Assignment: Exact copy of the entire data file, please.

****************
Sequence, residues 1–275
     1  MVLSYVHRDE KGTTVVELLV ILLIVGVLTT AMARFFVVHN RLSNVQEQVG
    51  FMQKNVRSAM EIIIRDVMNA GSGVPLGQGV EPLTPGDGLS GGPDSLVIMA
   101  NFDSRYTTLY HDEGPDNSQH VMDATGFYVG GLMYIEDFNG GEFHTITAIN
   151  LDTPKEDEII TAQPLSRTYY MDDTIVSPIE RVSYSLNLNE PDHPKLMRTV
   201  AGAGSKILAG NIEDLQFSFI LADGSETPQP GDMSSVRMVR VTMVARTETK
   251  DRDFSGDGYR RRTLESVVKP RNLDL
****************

Sequence, residues 1–275
     1  MVLSYVHRDE KGTTVVELLV ILLIVGVLTT AMARFFVVHN RLSNVQEQVG
    51  FMQKNVRSAM EIIIRDVMNA GSGVPLGQGV EPLTPGDGLS GGPDSLVIMA
   101  NFDSRYTTLY HDEGPDNSQH VMDATGFYVG GLMYIEDFNG GEFHTITAIN
   151  LDTPKEDEII TAQPLSRTYY MDDTIVSPIE RVSYSLNLNE PDHPKLMRTV
   201  AGAGSKILAG NIEDLQFSFI LADGSETPQP GDMSSVRMVR VTMVARTETK
   251  DRDFSGDGYR RRTLESVVKP RNLDL